One of my standard lines is "I am confused." In twitter discussions, this is often treated as weakness--that I am a simpleton or somehow otherwise flawed because I don't see the situation as clearly as some advocate thinks I should. But admitting confusion is, I think, an important step to learning and figuring something out.
That confusion is often created by others offering up contradictory statements--characterized by conflicting logics or by some form of hypocrisy or by some form of conflation of two different dynamics or by something else. Recognition of contradiction can be met with all kinds of responses, but my "I am confused" is essentially suggesting that more thinking is required by me or by the advocate or by both. Maybe that causes the advocate to be confused or to be upset. Ooops.
Again, I think confusion is a healthy recognition that one needs to think more, pushing one out of one's comfortable cognitively closed boxes in one's head. Indeed. when I taught Intro to IR, I vowed in my first class that the purposed of the course was to confuse the students. That my job was not provide them with a single point of view, but with multiple ones with conflicting assertions about the nature of International Relations. The idea was to provide the students with multiple tools to understand IR, so that down the road they could have multiple tools to understand events they observe.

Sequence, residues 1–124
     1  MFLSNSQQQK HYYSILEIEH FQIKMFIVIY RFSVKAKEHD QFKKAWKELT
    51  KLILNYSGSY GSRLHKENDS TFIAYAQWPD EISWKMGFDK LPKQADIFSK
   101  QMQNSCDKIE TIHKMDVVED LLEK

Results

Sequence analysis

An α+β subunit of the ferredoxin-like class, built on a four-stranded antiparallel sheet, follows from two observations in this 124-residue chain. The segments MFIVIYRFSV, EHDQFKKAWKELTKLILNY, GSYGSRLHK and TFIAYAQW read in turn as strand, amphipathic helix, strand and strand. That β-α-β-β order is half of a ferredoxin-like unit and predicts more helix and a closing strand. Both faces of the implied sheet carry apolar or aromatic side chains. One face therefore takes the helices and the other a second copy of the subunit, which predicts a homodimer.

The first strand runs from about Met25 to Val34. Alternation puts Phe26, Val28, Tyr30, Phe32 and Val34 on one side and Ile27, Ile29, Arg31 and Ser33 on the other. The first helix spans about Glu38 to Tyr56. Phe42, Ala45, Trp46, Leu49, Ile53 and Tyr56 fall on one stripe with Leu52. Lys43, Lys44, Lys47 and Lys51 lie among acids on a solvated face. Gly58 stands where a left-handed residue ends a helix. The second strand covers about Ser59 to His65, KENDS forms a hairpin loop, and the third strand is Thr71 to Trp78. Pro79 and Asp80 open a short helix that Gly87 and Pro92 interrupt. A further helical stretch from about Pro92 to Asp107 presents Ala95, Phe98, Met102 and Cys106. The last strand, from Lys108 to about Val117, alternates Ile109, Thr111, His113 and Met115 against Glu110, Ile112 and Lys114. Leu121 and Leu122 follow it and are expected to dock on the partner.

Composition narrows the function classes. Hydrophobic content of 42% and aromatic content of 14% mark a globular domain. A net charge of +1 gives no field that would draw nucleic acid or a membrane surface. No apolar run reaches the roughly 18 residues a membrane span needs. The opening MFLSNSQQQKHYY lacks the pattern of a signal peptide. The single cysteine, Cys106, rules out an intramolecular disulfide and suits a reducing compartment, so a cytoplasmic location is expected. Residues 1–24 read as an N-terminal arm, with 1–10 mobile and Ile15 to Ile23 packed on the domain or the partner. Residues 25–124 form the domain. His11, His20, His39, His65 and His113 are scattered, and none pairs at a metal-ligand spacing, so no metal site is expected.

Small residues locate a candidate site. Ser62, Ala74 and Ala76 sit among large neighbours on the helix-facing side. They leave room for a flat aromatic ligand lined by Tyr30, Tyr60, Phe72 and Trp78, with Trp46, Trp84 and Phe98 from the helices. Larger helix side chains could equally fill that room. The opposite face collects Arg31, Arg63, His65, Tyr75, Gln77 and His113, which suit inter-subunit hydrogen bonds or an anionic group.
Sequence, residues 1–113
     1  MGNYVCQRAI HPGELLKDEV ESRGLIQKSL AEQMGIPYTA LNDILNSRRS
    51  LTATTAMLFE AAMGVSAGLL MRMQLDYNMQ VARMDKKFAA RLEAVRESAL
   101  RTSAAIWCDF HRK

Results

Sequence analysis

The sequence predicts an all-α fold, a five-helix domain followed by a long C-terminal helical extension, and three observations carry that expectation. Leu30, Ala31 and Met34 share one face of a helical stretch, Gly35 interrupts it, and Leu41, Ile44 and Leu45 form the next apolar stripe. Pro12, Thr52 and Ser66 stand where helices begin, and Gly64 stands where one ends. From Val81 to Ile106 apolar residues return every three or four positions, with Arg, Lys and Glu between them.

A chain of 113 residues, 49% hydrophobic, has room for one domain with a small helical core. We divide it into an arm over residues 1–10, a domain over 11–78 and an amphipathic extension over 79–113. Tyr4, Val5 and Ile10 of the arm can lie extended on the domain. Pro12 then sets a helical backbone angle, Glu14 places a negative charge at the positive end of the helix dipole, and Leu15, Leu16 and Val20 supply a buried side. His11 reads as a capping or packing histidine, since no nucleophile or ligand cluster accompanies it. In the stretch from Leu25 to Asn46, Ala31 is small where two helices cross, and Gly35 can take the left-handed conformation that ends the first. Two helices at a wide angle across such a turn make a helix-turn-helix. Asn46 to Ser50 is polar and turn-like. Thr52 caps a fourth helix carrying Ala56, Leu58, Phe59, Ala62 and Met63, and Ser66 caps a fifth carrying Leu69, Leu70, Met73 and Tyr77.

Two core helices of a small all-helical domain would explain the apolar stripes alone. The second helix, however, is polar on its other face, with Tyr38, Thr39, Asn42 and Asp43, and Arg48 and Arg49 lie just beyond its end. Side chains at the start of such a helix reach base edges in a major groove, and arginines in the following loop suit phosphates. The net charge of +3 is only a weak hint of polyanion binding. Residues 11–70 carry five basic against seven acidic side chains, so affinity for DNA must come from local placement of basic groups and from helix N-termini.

In short, I think too much confidence in the clarity of the world is a problem, as people refuse to recognize the complexities and as they refuse to acknowledge the tradeoffs. Simple adherence to an ideology or point of view is far more comfortable than confusion--mostly by assuring the person that additional thinking is not required.
Am I being clear here or am I just making other folks confused? If the latter, join the club.
PS There is no deliberate subtweeting here. Blogging today was inspired by a most friendly twitter conversation, but this is something I have been thinking about for sometime. Or maybe it was inspired by my altered sleep cycle.